larger than Switzerland. Only in the Serengeti will visitors see a greater concentration of wildlife. Yet Selous boasts Tanzania’s largest population of elephant as well as large numbers of lion, leopard, African hunting dog, buffalo and hippo.
Once home to over 3,000 black rhino there are sadly now only a few hundred left. They tend to hide in the dense thickets but sightings are
possible. Species commonly seen are bushbuck, red and blue duikers, eland, hartebeest, hyena,
klipspringer, impala, giraffe, oryx, reedbuck, waterbuck and zebra. Yellow baboon and vervet and blue monkey are always a common sight while families of black and white colobus may sometimes be seen moving from tree to tree.
Endangered red colobus inhabit only the west of the reserve but visits to observe this rare breed can be arranged.
The bird-life in the Selous is prolific and the 400 species recorded include the globally threatened wattled crane and the corncrake. The topography of the park varies from rolling savannah woodland, grassland plains and rocky outcrops cut by the Rufiji River and its tributaries, the Kilombero and Luwegu, which together cover the greatest catchments area in East Africa. The Rufiji, which flows from north to south, provides the lifeblood of the Selous and sailing or rafting down the river is a superb method of seeing game, especially during the dry season between June and October. Crocodiles, hippo and an array of grazing antelope are seen.
Linked to the Rufiji is Lake Tagalala, where waterbuck, reedbuck and bushbuck gather at
the water’s edge. In the long grassland, safari enthusiasts may get a chance to see rare sable antelope, greater kudu - or lion.
The park gets its name from the hunter-explorer Frederick Courtney Selous, whose books were best sellers in Victorian England. Walking safaris, game drives and boat trips are organised. The best time to visit is during the dry season, when game is forced from hiding places to the river to drink.
The waters of the Kilombero Game Controlled Area are home to the ferocious tiger fish and vandu catfish, the latter equipped with a primitive set of lungs which allows it to migrate from one landlocked pool to another.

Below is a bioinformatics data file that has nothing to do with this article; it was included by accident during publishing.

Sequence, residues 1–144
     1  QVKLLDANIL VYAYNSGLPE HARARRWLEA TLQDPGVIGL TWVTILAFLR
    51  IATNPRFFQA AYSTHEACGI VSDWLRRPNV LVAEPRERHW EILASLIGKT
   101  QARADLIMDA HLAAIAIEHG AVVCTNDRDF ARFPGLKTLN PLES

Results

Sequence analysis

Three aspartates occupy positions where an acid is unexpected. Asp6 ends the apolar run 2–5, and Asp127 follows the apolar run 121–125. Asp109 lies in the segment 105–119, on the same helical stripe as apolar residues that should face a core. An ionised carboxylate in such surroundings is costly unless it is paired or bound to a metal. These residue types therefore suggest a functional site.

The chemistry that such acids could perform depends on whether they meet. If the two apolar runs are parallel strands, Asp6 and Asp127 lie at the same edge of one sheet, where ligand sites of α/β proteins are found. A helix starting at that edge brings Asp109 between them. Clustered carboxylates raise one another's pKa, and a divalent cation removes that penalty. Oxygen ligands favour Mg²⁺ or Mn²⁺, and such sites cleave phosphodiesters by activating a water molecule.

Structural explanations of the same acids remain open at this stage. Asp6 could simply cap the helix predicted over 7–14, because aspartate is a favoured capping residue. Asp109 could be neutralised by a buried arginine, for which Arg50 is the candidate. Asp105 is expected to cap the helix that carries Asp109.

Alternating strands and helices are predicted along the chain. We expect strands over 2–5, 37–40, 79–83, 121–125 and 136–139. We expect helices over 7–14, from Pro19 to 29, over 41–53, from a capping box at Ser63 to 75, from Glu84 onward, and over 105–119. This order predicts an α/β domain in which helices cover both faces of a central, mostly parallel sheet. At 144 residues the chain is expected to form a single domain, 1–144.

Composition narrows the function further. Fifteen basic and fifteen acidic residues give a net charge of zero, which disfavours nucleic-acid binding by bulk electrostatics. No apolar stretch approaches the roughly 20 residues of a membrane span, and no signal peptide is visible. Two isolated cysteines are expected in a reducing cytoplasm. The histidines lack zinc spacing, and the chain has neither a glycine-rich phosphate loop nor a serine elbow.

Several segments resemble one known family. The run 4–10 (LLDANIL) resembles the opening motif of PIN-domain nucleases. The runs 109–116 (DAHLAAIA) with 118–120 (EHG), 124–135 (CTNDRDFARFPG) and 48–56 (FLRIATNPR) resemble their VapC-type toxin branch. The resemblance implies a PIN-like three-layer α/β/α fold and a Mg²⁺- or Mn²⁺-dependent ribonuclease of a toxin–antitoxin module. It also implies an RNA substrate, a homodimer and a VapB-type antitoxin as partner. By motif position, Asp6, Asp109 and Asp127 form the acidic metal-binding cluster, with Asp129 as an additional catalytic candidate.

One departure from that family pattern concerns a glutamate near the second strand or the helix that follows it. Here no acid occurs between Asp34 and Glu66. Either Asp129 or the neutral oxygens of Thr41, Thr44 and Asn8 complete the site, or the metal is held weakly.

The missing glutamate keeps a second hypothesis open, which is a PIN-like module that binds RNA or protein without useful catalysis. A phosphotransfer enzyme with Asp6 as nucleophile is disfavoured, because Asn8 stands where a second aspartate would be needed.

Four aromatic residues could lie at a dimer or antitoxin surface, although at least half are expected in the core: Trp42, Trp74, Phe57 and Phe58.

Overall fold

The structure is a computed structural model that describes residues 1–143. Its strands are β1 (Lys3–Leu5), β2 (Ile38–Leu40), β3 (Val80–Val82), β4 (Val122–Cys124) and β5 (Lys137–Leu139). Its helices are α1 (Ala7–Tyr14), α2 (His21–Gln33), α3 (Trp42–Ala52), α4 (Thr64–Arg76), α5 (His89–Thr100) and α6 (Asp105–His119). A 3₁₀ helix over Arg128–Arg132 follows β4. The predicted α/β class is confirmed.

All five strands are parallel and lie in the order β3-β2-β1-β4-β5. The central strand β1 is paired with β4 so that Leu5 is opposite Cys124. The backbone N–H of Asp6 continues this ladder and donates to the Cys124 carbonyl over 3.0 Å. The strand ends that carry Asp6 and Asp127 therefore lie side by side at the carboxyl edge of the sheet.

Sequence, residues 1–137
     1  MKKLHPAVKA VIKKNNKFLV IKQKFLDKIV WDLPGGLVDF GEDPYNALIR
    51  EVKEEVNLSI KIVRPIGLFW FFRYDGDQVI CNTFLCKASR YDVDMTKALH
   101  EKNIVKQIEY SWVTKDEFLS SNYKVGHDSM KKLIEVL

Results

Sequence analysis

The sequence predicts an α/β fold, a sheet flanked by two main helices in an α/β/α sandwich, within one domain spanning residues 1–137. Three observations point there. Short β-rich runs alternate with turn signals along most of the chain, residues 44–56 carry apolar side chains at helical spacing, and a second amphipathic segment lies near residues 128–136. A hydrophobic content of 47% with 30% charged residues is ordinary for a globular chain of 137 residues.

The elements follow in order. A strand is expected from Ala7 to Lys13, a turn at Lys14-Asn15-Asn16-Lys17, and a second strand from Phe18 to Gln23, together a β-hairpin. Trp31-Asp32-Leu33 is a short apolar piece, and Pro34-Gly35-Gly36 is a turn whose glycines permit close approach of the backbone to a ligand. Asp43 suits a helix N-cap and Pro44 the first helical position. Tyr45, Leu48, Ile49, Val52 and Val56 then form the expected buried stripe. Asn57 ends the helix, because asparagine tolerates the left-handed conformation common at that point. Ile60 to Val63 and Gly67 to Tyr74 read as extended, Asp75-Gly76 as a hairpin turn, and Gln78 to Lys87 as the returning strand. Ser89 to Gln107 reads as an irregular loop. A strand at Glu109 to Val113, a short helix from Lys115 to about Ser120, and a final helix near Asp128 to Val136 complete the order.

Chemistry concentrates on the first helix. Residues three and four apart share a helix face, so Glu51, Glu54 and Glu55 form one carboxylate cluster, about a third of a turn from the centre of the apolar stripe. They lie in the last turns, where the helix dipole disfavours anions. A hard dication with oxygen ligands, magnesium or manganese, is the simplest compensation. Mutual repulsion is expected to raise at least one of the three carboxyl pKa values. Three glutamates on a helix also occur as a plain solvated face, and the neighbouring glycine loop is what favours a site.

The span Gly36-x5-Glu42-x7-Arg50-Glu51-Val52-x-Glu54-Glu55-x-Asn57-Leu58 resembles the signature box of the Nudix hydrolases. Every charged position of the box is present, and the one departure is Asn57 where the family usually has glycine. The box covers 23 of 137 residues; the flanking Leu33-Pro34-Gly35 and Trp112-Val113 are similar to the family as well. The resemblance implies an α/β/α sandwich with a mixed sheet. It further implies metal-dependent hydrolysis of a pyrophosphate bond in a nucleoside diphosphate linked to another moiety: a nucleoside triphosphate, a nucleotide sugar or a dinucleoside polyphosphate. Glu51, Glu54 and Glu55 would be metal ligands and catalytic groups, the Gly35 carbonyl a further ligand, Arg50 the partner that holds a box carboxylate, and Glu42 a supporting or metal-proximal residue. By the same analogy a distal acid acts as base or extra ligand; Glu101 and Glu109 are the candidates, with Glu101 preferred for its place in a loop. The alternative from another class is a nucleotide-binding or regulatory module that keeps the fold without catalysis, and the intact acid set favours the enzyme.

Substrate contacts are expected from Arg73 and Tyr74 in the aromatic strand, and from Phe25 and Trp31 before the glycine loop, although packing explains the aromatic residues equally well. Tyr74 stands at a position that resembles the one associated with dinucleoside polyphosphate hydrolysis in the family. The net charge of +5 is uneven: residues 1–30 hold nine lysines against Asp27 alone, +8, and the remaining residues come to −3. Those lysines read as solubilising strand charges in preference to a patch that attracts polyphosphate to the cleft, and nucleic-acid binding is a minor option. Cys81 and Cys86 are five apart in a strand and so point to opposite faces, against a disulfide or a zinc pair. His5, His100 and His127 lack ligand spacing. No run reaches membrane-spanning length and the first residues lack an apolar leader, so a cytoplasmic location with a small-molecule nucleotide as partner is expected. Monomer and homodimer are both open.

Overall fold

Getting there: Between a seven and nine hour drive, but only in the dry season, or a one and a half hour flight from Dar es Salaam.

Udzungwa Mountains National Park is a conservation area of about 2,000 sq km. It lies in the Iringa and Morogoro regions of south-central
Tanzania where it is bordered by the Great Ruaha River to the north and the Mikumu-Ifakara road to the east. The major attraction of the park is its bio-diversity and unique rainforest where many rare plants, not found anywhere else in the world, have been identified. These range from a tiny African violet to 30 meter high trees. As well as being home to about six types of primates, including two endemic and endangered species - the Iringa red colobus monkey and the Sanje crested mangabey - the plateau supports populations of elephant, buffalo, lion and leopard. Visitors should not expect to necessarily see these larger species however as they tend to be found in the less accessible area of the park. Bush baby, or galago as they are sometimes called, bush pig, civet, duiker, honey badger and three types of mongoose are more likely to be seen.
The park which is about 65 km, or a two hour drive, south west of Mikumi National Park, is also home to a number of rare forest birds many of which are only found in this area of Tanzania.
Getting there: A five hour drive from Dar es Salaam.